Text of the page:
Unlike his friends such as Stefan Zweig and Elias Canetti, Hermann Broch wrote no autobiography in the strict sense. However, there are many texts by this author that exhibit autobiographical characteristics. Firstly one should note the following ego-documents, to which Broch gave preference over an autobiography: the “Tagebuch für Ea von Allesch” (Diary for Ea von Allesch), his “Autobiographie als Arbeitsprogramm” (Autobiography as programme of work), the “Psychischen Selbstbiographie” (Psychic Self-biography), his biographical study “Hofmannsthal und seine Zeit” (Hoffmansthal and his times) and, further, an extraordinarily large correspondence. With attention to genre theory concerning autobiography and biography, the diary and epistolography, I will analyse the distinctive character of the inherent presence of autobiographical writing styles in Broch’s self-poetic texts.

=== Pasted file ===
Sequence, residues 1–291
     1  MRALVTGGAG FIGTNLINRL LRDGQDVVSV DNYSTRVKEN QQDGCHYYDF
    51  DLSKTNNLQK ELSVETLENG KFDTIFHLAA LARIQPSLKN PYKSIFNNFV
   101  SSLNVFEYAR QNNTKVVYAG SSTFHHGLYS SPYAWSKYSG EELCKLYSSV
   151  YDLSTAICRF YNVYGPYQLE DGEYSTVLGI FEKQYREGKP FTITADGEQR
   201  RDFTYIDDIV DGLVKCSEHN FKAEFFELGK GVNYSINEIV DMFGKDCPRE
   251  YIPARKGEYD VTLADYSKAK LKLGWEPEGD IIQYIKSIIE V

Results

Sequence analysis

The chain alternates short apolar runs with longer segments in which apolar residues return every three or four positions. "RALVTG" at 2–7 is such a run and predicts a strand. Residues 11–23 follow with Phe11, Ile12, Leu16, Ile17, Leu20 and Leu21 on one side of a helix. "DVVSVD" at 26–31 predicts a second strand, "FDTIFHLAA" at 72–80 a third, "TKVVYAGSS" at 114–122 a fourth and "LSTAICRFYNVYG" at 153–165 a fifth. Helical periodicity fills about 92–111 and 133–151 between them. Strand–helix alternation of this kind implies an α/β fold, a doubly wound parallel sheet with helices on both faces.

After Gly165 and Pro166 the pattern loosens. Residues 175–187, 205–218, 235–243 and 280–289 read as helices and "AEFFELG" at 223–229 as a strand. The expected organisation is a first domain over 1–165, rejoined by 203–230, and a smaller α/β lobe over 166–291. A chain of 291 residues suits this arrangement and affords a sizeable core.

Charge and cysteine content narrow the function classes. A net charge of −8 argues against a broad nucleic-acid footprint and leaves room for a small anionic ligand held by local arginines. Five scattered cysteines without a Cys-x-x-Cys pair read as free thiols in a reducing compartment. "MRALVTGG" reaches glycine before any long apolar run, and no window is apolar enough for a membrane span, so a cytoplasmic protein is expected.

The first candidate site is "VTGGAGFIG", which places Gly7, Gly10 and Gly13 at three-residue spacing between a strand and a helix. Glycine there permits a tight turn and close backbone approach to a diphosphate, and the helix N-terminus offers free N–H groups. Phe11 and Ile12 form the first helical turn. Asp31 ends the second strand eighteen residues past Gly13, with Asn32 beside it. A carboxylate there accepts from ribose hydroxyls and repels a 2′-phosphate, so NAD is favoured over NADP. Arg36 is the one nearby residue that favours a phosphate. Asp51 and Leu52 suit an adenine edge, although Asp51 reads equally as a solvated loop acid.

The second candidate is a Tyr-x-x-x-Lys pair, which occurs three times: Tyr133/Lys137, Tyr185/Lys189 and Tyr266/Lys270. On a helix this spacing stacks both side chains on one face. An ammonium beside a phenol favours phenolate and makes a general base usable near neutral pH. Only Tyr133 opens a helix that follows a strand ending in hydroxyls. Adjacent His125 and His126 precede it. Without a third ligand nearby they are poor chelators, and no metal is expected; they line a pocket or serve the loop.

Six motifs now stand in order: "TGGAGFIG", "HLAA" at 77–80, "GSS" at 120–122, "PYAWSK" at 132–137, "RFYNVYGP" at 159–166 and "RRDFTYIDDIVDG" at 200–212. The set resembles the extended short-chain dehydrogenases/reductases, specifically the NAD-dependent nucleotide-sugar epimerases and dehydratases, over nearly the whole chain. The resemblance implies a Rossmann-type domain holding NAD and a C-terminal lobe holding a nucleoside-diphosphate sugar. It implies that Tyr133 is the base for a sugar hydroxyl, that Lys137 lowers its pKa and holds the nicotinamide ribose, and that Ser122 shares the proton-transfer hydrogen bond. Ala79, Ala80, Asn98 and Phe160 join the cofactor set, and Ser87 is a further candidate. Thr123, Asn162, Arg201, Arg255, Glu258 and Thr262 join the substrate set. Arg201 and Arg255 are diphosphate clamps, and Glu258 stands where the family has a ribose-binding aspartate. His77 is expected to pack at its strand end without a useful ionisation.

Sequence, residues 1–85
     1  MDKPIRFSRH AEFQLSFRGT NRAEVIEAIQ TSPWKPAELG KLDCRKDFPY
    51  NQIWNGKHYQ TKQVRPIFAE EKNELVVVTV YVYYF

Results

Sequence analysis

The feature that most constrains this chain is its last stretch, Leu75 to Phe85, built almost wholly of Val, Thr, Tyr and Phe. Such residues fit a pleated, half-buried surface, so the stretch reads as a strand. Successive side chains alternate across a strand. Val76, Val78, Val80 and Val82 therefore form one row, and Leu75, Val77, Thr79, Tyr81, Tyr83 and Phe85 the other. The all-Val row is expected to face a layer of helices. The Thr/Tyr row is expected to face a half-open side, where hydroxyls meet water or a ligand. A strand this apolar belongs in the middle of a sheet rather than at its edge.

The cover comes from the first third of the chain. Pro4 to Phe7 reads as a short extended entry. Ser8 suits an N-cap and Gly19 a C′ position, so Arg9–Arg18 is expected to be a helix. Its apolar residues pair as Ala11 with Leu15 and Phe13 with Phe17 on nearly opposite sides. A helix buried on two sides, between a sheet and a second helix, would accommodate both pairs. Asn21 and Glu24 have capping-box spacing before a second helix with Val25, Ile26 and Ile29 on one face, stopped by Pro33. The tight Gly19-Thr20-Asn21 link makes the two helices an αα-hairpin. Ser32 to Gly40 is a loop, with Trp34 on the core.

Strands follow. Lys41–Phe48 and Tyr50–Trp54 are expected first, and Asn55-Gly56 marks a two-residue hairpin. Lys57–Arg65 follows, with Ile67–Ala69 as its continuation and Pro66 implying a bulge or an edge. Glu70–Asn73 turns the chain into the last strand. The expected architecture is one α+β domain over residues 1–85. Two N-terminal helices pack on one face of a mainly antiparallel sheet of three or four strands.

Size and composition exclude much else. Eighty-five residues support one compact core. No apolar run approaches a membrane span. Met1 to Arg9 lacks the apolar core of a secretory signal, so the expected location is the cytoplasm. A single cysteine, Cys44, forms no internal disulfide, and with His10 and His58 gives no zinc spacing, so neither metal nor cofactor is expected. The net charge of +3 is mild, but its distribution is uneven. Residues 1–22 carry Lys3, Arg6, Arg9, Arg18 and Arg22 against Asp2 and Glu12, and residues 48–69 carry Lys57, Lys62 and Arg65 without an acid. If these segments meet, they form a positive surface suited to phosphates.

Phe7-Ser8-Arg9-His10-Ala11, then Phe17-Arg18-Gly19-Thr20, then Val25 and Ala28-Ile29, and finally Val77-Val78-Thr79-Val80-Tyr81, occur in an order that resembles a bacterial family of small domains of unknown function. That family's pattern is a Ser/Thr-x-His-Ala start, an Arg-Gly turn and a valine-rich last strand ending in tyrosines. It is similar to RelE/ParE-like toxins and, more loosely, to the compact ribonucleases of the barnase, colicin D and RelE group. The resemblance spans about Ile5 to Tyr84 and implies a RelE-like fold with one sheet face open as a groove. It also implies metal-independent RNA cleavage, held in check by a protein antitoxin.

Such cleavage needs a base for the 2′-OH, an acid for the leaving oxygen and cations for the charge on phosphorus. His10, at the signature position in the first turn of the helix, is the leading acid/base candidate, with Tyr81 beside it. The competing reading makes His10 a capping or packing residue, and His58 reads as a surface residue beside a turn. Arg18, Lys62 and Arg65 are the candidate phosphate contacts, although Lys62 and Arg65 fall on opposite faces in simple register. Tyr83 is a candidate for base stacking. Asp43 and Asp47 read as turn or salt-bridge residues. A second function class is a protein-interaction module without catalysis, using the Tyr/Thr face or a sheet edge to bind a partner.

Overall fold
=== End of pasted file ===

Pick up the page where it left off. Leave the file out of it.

Secondly, I will identify the reason for the turn to epistolary work in Broch’s ethics. In his writings on literature he always linked ethical issues with aesthetic ones. The fact that Broch wrote no memoirs in the strict sense and instead favoured the letter as an autobiographical form of expression had to do with his ethical position in exile, which was influenced by Martin Buber’s dialogic thinking (I-Thou philosophy). Kantian ideas on duties also had an ongoing influence, which led him to see the completion of his scholarly and poetic work as more urgent than to work on a review of what had already been achieved.
Thirdly, I will show how Broch reflected upon the ethical and aesthetic aspects addressed here through the example of his still largely unexplored correspondence with Frank Thiess. The reflections presented in this exchange also play a role in the two writers’ dialogue about exile and ‘internal exile’.
(The lecture will be held in German)
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